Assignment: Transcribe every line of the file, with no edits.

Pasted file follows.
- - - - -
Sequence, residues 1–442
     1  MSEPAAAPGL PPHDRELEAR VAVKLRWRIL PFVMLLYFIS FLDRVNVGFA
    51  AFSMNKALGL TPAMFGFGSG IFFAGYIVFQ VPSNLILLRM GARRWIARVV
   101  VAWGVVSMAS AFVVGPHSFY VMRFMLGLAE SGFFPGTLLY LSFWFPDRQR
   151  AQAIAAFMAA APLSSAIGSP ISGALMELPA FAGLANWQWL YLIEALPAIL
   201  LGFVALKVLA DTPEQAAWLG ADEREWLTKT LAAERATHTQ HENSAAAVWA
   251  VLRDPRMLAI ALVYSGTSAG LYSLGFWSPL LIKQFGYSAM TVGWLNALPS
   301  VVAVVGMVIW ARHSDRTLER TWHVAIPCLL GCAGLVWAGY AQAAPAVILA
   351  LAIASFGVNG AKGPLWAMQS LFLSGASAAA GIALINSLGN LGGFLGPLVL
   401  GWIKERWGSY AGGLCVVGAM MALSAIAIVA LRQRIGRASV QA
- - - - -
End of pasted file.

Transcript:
Sequence, residues 1–442
     1  MSEPAAAPGL PPHDRELEAR VAVKLRWRIL PFVMLLYFIS FLDRVNVGFA
    51  AFSMNKALGL TPAMFGFGSG IFFAGYIVFQ VPSNLILLRM GARRWIARVV
   101  VAWGVVSMAS AFVVGPHSFY VMRFMLGLAE SGFFPGTLLY LSFWFPDRQR
   151  AQAIAAFMAA APLSSAIGSP ISGALMELPA FAGLANWQWL YLIEALPAIL
   201  LGFVALKVLA DTPEQAAWLG ADEREWLTKT LAAERATHTQ HENSAAAVWA
   251  VLRDPRMLAI ALVYSGTSAG LYSLGFWSPL LIKQFGYSAM TVGWLNALPS
   301  VVAVVGMVIW ARHSDRTLER TWHVAIPCLL GCAGLVWAGY AQAAPAVILA
   351  LAIASFGVNG AKGPLWAMQS LFLSGASAAA GIALINSLGN LGGFLGPLVL
   401  GWIKERWGSY AGGLCVVGAM MALSAIAIVA LRQRIGRASV QA